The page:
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Chicago's Willis Tower (formerly the Sears Tower) is America's tallest skyscraper. It will soon receive a solar makeover, making it the nation's largest vertical solar farm.  (Source: Ted Hubert)

The solar panels (artist's concept) will preserve the view, but reduce glare and generate electricity. The installation is expected to produce up to 2 megawatts of power when complete.  (Source: Pythagoras Solar)

Pythagoras Solar's special window design uses prisms to collect direct sunlight will allowing horizontal and diffuse sunlight to pass through, lighting the room.  (Source: Pythagoras Solar)

The actual product is seen here at an industry trade show.  (Source: Pythagoras Solar)
Project will be nation's largest solar farm

Alternative energy startup Pythagoras Solar is dreaming big and it has sold the owners of one of America's most iconic skyscrapers on its vision.

Chicago's Willis Tower (formerly known as the Sears Tower) is among the most recognizable man-made landmarks in the country.  Towering over local high-rises, its 108 stories make it the tallest building in the U.S. and the fifth-tallest freestanding structure in the world.

During summer months solar heating contributes to energy costs and sun glare can be an issue at times.

Pythagoras Solar power has cooked up a novel solution -- transforming the building into the nation's largest vertical solar farm.  The farm will produce up to 2 MW of solar energy, reducing the building's reliance on the power grid.

Its panels -- to be installed on the building's southern-facing windows that get the highest sun exposure -- will help remedy both issues, while preserving the view and producing electricity.

The company's pane design is dubbed high-density photovoltaic glass units (HD-PVGUs).  The device acts similar to louvered windows (think slat blinds).  It contains a thin layer of monocrystalline silicon, sandwiched between glass, which acts as a cell.  An internal plastic prism directs angled (direct) sunlight onto the cell, while allowing diffuse daylight and horizontal (less intense) sunlight through.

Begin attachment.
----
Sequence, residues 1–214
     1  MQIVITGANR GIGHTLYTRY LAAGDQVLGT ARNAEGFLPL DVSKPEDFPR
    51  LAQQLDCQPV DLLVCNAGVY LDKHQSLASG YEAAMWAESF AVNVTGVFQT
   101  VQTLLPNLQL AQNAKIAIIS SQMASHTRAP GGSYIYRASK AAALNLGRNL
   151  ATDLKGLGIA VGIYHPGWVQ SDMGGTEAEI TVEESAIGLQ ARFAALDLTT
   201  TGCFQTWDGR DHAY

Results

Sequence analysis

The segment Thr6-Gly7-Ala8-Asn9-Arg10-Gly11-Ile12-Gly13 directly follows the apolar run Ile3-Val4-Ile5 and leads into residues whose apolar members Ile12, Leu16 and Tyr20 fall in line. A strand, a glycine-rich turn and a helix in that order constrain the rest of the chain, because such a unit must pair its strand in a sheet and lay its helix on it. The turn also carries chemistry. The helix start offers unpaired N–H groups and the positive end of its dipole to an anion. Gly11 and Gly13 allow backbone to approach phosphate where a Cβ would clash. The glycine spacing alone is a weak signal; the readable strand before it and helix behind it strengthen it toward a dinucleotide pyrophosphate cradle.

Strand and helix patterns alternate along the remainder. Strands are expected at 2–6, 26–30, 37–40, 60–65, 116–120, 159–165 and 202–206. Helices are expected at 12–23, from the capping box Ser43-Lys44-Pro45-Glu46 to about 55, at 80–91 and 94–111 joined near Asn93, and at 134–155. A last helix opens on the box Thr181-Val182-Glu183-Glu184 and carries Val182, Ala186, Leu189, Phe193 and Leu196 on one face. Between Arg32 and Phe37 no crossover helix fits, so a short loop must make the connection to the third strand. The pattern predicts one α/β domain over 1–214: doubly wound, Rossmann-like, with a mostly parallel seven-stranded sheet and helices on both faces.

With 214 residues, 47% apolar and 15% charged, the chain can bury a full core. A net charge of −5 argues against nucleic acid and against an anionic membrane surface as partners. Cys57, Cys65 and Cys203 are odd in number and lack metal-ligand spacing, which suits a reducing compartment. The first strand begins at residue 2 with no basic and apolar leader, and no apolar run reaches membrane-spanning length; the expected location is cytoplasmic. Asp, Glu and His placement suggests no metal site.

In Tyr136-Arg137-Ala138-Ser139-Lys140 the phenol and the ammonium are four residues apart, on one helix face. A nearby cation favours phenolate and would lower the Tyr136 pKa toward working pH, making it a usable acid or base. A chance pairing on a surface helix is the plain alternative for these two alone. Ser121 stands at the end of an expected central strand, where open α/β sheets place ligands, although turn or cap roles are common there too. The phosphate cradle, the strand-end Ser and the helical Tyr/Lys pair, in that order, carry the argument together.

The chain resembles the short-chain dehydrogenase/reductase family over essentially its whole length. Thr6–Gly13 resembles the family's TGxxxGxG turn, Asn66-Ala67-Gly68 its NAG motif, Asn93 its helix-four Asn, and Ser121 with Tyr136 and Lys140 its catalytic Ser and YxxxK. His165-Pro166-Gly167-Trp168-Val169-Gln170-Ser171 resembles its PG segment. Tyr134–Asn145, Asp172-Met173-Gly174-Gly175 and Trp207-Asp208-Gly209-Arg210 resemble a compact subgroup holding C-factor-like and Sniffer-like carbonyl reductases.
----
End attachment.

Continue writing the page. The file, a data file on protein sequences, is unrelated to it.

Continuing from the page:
The result is that you still have attractive views out the window, without the glare or heating.  Meanwhile your panel produces electricity that Pythagoras Solar claims is on par with rooftop panels.  

If the installation is a success, it could set a precedent for high-rises across America.  The Willis Tower installation alone is expected to produce as much power as a 10-acre ground installation would.

Conserving land, particularly in a city, is obviously a tremendous concern.  The Willis Tower project could serve as a blueprint for skyscraper owners to reduce their energy costs and improve their buildings' sustainability in years to come.

Cost and maintainability are obvious concerns in the long run for solar window panels from companies like Pythagoras Power.  Indeed, Pythagoras Power offered little insight into how it would handle the extra maintenance burden or what the cost-per-window might be.  

That said, even if the company did provide such metrics, it'd be hard to fairly judge them, as this project is the first of its kind on this kind of magnitude.  Initial implementations of any technology typically start off high in terms of maintainability problems and cost, but eventually bring down both metrics.  

And the cost must not be overly exorbitant.  After all, the panels are good PR for the Willis Tower's owners, but they are in business to make money.  If the panels were overly expensive, the project likely wouldn't have received the green light to begin.

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RE: Makes sense
By Gzus666 on 3/23/2011 12:17:24 PM , Rating: 2
Well again, its not that they don't pay taxes. They just don't pay them here.

Well, I don't really care what they do elsewhere, as I live in America. They pay taxes elsewhere because they have to, they don't here because they don't have to. The obvious fix is to make them pay them here.

The amount of the taxation is another issue to take up entirely. If they would pay taxes when they were in the 20-25% range, why don't they just pay 20-25%? They paid nothing, some cases they got money back.

I don't care about oil companies at this point, I care about fairness across the board. Favoritism is one of the major issues in this country. Corporatism is becoming the norm, that is not good for any citizen of this or any society. The goal is a working society that is beneficial to all, not a society that benefits sociopathy.

At the end of the day, I'm not starving. I make good money and I have no financial issues. I would like to pay less taxes, but I don't get that choice, lobbyists do.

The problem I see is the lower middle class that do jobs that not anyone can do, but don't pay well. Many of these jobs are very taxing mentally, require degrees and in depth knowledge such as teaching, but don't pay for crap. These people get taxed to the point where they are basically broke and GE doesn't pay a dime.

GE isn't exactly a grand company, they turned the Hudson river into a toxic swamp. They dumped toxic chemicals into water bodies pretty frequently in the past, so obviously letting them just do what seems convenient for the company doesn't work. But since most every large corporation pays to lobby our government, corruption runs rampant. The problem runs to the core, the no taxes is just a symptom I hate.

"I want people to see my movies in the best formats possible. For [Paramount] to deny people who have Blu-ray sucks!" -- Movie Director Michael Bay

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